Promises to keep


Pakistan’s Prime Minister Imran Khan PHOTO/Daily Times

When I returned to Pakistan in 2010, Imran Khan was an emerging presence on the political scene. Asif Zardari had been swept into office on an outpouring of sympathy for his assassinated wife. He cared little for her legacy. He sought only to cash in on her popularity. Nawaz Sharif never really developed beyond being a Punjabi politician. Neither he nor Zardari had the qualities, passion or moral imagination to transform Pakistan.

Imran Khan projected an image of simplicity and sincerity, of a leader not interested in accumulating wealth, confident in his achievements in cricket and philanthropy, seeking to be a national statesman rather than a ‘successful’ politician, and with a transcending and empowering belief that ‘someone up there liked him’ enough to be the saviour of Pakistan. He embodied hope, instead of the acquiescent despondency the ruling elite and its servile public intelligentsia and political ‘commentariat’ sought to inculcate in the people.

Many, especially among the English-speaking middle and upper classes saw Imran’s confidence and faith in himself as an arrogant lack of both humility and sophistication. Many more among the youth and the poorer classes saw him as exactly the maverick outsider needed to challenge the ruling elite who were the principal impediment to Pakistan’s progress. This perception outweighed all his alleged shortcomings. It put him on a level far above his tainted rivals.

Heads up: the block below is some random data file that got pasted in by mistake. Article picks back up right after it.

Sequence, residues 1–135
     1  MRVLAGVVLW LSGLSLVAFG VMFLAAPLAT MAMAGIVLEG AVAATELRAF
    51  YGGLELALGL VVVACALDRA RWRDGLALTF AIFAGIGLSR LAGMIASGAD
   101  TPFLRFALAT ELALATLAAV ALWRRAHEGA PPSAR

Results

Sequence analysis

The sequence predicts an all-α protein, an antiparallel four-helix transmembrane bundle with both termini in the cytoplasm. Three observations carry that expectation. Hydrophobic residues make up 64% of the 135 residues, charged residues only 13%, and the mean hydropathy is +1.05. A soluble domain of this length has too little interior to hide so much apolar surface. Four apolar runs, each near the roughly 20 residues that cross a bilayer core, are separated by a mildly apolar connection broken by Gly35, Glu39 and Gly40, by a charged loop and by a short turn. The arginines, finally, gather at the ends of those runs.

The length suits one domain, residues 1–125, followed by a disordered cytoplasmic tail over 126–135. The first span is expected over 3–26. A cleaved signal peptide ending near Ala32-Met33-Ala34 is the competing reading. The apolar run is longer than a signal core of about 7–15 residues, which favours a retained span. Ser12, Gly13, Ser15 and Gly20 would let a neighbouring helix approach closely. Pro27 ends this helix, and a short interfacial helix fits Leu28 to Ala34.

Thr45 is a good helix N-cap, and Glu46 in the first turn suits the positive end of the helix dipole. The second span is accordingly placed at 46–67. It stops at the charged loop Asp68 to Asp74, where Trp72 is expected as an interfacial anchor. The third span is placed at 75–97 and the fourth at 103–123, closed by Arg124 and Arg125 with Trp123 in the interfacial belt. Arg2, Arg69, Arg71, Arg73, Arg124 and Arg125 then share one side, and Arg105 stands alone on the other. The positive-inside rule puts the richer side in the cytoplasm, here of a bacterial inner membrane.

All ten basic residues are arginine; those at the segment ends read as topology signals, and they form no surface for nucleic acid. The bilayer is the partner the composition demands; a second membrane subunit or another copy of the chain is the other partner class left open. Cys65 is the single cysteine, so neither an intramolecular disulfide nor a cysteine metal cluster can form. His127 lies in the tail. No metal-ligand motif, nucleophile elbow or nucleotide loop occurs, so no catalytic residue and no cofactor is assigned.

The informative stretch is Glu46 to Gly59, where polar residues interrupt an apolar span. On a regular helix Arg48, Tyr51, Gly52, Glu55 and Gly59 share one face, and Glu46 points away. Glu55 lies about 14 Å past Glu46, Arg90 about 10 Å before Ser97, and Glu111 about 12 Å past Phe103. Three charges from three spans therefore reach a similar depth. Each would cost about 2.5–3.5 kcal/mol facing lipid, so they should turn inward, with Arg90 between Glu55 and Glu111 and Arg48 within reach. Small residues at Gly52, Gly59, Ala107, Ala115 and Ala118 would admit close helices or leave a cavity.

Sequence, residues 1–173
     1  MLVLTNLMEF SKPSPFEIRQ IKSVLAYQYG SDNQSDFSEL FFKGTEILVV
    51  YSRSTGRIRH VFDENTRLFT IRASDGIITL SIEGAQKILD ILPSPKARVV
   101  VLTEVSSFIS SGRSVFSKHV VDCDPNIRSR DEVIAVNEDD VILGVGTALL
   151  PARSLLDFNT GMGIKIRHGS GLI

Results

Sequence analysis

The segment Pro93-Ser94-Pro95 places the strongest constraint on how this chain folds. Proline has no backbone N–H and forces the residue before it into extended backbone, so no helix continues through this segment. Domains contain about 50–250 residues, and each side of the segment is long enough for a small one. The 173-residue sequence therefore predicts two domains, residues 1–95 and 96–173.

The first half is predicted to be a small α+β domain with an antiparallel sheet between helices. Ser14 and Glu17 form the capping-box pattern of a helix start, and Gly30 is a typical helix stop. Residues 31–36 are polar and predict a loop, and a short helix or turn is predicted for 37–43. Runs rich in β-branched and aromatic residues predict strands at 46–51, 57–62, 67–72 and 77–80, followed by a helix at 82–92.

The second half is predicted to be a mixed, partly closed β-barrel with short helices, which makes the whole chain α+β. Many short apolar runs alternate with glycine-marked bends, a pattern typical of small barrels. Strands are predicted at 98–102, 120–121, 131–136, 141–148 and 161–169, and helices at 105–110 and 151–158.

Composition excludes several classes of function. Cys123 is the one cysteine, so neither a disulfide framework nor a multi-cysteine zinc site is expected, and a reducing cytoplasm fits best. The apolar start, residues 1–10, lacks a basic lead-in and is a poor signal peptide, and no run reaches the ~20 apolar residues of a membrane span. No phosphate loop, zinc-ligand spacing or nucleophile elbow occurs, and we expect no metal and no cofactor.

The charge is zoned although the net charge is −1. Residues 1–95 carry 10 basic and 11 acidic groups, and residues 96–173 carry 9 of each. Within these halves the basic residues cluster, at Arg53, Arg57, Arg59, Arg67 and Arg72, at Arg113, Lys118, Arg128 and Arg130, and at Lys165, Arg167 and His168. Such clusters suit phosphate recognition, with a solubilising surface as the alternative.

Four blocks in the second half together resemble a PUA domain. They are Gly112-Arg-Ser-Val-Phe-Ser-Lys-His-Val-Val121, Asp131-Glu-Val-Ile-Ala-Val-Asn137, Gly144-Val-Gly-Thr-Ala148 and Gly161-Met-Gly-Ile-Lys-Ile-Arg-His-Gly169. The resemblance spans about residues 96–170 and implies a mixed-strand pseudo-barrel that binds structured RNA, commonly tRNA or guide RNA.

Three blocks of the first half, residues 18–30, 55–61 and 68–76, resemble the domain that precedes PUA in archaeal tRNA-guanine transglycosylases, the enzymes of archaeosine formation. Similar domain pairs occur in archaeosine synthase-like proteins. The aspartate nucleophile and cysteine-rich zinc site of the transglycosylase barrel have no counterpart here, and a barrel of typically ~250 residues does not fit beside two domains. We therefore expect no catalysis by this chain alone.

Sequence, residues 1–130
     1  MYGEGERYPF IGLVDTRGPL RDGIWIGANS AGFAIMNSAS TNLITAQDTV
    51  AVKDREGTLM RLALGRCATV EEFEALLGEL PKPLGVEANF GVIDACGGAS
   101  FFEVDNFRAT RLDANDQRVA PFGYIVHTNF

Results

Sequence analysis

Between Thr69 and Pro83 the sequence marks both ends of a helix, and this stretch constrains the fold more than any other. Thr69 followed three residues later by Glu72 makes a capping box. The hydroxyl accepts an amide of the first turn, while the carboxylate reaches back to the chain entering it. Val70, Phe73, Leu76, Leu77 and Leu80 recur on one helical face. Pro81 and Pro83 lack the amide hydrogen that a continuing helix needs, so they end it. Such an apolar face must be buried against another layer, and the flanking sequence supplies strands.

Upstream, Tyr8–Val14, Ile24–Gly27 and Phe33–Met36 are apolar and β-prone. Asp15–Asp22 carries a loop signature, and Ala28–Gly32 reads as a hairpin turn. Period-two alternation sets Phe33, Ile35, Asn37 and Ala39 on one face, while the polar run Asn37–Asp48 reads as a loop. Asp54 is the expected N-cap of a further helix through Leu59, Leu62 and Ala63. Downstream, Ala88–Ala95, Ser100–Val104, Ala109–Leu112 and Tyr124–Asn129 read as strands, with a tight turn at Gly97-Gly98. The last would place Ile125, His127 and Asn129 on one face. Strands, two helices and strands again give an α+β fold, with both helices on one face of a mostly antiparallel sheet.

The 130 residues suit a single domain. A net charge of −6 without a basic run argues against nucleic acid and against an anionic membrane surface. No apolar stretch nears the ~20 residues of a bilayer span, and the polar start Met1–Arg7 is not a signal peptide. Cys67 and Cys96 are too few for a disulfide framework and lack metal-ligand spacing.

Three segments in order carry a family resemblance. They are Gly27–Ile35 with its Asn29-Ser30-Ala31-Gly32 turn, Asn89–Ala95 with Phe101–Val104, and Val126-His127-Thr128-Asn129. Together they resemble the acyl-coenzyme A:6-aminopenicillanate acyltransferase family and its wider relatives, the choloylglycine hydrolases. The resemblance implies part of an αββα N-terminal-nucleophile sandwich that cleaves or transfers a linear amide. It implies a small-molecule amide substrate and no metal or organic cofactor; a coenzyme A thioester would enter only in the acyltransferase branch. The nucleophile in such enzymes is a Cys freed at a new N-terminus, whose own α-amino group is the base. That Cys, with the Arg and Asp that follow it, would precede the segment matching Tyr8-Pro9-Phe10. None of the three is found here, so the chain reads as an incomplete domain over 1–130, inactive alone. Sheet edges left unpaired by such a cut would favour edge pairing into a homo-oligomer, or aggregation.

Before the 2013 elections, I suggested that any result other than a win for Imran would be uninteresting as it would mean the political cavalcade to hell would continue. Only he would bend his every effort to cure the cancer of political, social, economic and institutional corruption that was killing Pakistan. He did not win. Instead, he displayed a remarkable resilience and tenacity as an opposition leader to ultimately bring down a corrupt government at the centre while providing perceptibly better governance in KP.

An unbridgeable chasm opened up between Nawaz Sharif and the military/intelligence establishment. Massive corruption scandals involving him and his family surfaced. These developments led to his judicial ouster, disqualification and imprisonment. Imran Khan’s political fortunes underwent a sea change.

Imran entered the 2018 elections with an ‘umpire’ more in the mould of Idris Beg than Dickie Bird! The umpire’s finger was far more upwardly mobile than in 2013. Imran no longer inspired the same enthusiasm. He was more popular in defeat in 2013 than he was in victory in 2018.

Nevertheless, the cynicism and disappointment generated by his proximity to the power establishment abated in the moment of his triumph. Past hopes were stirred. He was expected to provide relief from the filth of pervasive corruption and, not least, from the lethal costs of self-serving political and policy interventions by an unelected and overweening but inept ‘deep state’. At least democratic control over domestic and foreign policy was expected to result in much less folly, disaster and isolation.

Dawn for more

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